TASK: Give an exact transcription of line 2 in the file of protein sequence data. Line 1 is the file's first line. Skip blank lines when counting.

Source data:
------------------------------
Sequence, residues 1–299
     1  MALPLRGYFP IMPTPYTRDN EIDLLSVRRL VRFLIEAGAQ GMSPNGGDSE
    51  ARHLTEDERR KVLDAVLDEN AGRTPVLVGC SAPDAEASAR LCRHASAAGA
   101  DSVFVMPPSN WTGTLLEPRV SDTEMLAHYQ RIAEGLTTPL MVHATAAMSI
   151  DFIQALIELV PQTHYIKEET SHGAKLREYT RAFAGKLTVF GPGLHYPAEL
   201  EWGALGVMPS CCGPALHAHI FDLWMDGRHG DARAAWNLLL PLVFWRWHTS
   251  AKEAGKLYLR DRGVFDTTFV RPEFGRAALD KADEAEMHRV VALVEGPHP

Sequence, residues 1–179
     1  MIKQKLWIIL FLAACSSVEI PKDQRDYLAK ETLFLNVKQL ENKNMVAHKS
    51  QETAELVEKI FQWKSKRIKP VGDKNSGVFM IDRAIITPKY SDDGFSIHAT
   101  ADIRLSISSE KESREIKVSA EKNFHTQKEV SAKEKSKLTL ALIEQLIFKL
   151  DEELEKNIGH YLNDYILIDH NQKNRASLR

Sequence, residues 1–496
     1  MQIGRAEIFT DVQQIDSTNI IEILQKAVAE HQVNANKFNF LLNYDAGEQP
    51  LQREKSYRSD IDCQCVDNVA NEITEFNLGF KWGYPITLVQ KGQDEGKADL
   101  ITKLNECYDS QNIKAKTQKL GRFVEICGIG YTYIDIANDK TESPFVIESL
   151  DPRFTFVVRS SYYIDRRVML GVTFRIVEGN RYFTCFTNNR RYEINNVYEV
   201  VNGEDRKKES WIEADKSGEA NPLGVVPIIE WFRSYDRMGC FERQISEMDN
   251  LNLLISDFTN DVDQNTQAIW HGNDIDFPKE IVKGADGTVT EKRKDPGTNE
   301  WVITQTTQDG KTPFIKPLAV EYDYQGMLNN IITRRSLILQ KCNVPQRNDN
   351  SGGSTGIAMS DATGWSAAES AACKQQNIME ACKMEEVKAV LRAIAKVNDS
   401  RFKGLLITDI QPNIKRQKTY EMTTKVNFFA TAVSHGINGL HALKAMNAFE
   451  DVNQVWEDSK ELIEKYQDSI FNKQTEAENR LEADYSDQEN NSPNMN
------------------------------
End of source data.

     1  MALPLRGYFP IMPTPYTRDN EIDLLSVRRL VRFLIEAGAQ GMSPNGGDSE